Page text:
Labor: Are your meal break practices lawful?

Interrupted employee meal breaks could cost you under the Fair Labor Standards Act.

Are your company’s meal break practices lawful? If not, here is a hypothetical example of what it could cost you for employees earning $10 per hour who fail to receive an uninterrupted 30-minute meal break on 60 separate days:

  • 30 minutes x 60 days (during two‑year period) = 30 hours x $15 (overtime rate) = $450    
  • $450 x 2 (liquidated damages) = $900
  • $900 x 200 employees = $180,000 back pay liability

Wage and hour lawsuits and collective actions have spiked during the last several years with complaints of off-the-clock work leading the way. In the Northeast, a number of Fair Labor Standards Act lawsuits have been filed targeting the health care industry for allegedly using automatic meal break deductions in violation of federal law. Moreover, earlier this year, the California Court of Appeals validated a state meal break law statute which provides non‑exempt employees an additional hour of pay each day as a penalty for employers who fail to provide a proper meal break under state law. See UPS, Inc. v. Superior Court, 196 Cal. App. 4th 57 (Cal. App. 2 Dist. 2011).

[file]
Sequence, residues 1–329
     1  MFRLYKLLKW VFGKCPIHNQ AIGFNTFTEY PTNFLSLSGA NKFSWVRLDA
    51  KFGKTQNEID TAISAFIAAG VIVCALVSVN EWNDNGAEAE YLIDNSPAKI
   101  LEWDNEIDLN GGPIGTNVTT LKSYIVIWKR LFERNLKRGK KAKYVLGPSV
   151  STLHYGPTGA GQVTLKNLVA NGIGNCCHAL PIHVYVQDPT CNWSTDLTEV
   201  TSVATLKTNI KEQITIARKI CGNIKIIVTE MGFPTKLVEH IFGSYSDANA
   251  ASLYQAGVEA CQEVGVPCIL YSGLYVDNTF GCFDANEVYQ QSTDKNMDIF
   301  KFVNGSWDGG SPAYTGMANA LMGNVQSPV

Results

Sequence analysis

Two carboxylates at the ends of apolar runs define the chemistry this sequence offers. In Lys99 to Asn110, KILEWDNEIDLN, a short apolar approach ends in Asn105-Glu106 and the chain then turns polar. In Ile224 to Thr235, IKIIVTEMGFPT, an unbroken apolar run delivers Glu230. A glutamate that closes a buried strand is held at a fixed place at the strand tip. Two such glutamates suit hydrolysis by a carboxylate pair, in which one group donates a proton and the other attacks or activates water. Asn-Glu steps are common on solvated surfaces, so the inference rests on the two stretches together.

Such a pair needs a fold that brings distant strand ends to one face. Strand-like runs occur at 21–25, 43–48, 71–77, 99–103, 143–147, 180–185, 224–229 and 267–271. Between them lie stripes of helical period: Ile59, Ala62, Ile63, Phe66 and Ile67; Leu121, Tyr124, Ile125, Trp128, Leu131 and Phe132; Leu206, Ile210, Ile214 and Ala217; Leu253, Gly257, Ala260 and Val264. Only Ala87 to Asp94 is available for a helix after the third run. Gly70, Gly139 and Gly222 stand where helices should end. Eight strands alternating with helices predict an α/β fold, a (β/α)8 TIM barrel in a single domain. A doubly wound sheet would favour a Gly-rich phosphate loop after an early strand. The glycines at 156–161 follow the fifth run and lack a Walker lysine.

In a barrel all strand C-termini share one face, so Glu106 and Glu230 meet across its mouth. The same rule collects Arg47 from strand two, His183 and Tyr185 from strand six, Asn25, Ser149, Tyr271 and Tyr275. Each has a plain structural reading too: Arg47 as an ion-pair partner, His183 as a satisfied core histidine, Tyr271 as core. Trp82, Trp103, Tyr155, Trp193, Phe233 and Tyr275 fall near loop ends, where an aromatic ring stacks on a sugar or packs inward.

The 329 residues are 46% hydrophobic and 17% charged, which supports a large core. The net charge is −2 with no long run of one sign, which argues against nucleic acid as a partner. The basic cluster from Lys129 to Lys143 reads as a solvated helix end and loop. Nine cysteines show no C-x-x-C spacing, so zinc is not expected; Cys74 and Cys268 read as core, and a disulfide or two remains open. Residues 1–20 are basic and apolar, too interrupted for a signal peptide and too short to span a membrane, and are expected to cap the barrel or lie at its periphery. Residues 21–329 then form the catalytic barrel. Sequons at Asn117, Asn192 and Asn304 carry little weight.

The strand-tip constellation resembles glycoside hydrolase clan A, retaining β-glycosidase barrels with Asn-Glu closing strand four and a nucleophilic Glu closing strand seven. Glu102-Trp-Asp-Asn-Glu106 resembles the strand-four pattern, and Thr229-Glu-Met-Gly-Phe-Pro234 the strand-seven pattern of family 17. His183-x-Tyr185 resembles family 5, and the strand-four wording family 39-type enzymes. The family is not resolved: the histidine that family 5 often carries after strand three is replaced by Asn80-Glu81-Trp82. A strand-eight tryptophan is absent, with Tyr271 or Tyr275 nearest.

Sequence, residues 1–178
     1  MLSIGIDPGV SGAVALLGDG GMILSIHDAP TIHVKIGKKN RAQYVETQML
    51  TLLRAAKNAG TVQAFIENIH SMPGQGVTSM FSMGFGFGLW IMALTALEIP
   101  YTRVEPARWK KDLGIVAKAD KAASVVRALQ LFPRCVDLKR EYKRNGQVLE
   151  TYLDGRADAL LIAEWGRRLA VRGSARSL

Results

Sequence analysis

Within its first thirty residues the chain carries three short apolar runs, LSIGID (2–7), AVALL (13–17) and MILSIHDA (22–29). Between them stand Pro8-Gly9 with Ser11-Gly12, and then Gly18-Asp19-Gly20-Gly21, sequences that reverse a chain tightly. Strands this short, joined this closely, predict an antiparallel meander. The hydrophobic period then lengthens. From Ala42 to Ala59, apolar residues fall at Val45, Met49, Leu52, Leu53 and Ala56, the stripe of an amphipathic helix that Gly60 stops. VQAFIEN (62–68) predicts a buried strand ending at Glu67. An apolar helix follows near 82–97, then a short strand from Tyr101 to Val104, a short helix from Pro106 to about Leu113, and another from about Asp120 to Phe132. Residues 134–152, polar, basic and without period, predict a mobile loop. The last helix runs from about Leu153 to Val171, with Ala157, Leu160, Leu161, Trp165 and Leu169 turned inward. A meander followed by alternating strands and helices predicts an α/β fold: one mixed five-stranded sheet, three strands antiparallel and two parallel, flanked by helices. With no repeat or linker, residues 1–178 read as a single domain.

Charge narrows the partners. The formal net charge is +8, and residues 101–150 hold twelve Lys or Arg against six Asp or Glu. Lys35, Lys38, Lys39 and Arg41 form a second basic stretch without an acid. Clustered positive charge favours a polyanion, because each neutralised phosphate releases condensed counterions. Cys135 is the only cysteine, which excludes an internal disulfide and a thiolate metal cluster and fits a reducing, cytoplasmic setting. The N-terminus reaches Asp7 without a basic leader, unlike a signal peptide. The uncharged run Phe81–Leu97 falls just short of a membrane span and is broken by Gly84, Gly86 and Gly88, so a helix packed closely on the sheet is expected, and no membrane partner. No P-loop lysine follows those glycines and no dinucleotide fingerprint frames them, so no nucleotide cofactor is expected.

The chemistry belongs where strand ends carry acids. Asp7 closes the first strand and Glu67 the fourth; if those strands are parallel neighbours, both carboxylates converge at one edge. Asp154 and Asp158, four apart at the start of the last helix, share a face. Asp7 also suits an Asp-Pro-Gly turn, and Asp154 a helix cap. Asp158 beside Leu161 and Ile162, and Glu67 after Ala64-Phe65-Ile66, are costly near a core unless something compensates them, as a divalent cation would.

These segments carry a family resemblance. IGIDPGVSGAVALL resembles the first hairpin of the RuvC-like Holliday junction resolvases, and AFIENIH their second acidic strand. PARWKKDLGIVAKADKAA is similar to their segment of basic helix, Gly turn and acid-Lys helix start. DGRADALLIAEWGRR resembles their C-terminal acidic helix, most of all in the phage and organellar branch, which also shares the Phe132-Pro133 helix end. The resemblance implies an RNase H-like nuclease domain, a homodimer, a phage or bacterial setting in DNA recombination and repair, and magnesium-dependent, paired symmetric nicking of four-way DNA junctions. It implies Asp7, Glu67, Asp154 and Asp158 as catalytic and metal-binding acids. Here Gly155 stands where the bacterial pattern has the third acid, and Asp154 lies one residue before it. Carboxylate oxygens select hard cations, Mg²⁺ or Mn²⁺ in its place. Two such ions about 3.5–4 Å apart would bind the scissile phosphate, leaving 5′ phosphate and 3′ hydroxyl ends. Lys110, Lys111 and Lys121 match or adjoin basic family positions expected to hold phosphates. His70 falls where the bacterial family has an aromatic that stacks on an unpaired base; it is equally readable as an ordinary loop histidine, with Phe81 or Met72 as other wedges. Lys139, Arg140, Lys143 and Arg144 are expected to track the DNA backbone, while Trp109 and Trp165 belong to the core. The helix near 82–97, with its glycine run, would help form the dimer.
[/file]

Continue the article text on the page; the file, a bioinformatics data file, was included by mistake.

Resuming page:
There is significant room for error with meal breaks for employers who automatically deduct the meal break from an employee’s pay. If an employer automatically deducts a 30‑minute meal break but the employee does not take the full meal break or their meal break is interrupted, the employer must ensure that it has proper procedures in place to either provide the non‑exempt employee another meal break or pay the non‑exempt employee for the interrupted meal break. Otherwise, the non‑exempt employee has not been compensated for all hours worked.

Automatic deductions for meal breaks from non‑exempt employees’ hours worked are lawful under the FLSA only if an employer ensures that an employee takes a full half‑hour meal break. Although automatic deductions may make sense in certain settings – an assembly line that shuts down for half an hour; a receptionist leaves for an hour and another receptionist takes his or her place – the majority of non‑exempt employees work in job settings that are more difficult to track.


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Charles McDonald

Charles McDonald is a shareholder in the Greenville, S.C., office of Ogletree Deakins and a member of the firm's Wage and Hour Practice Group.

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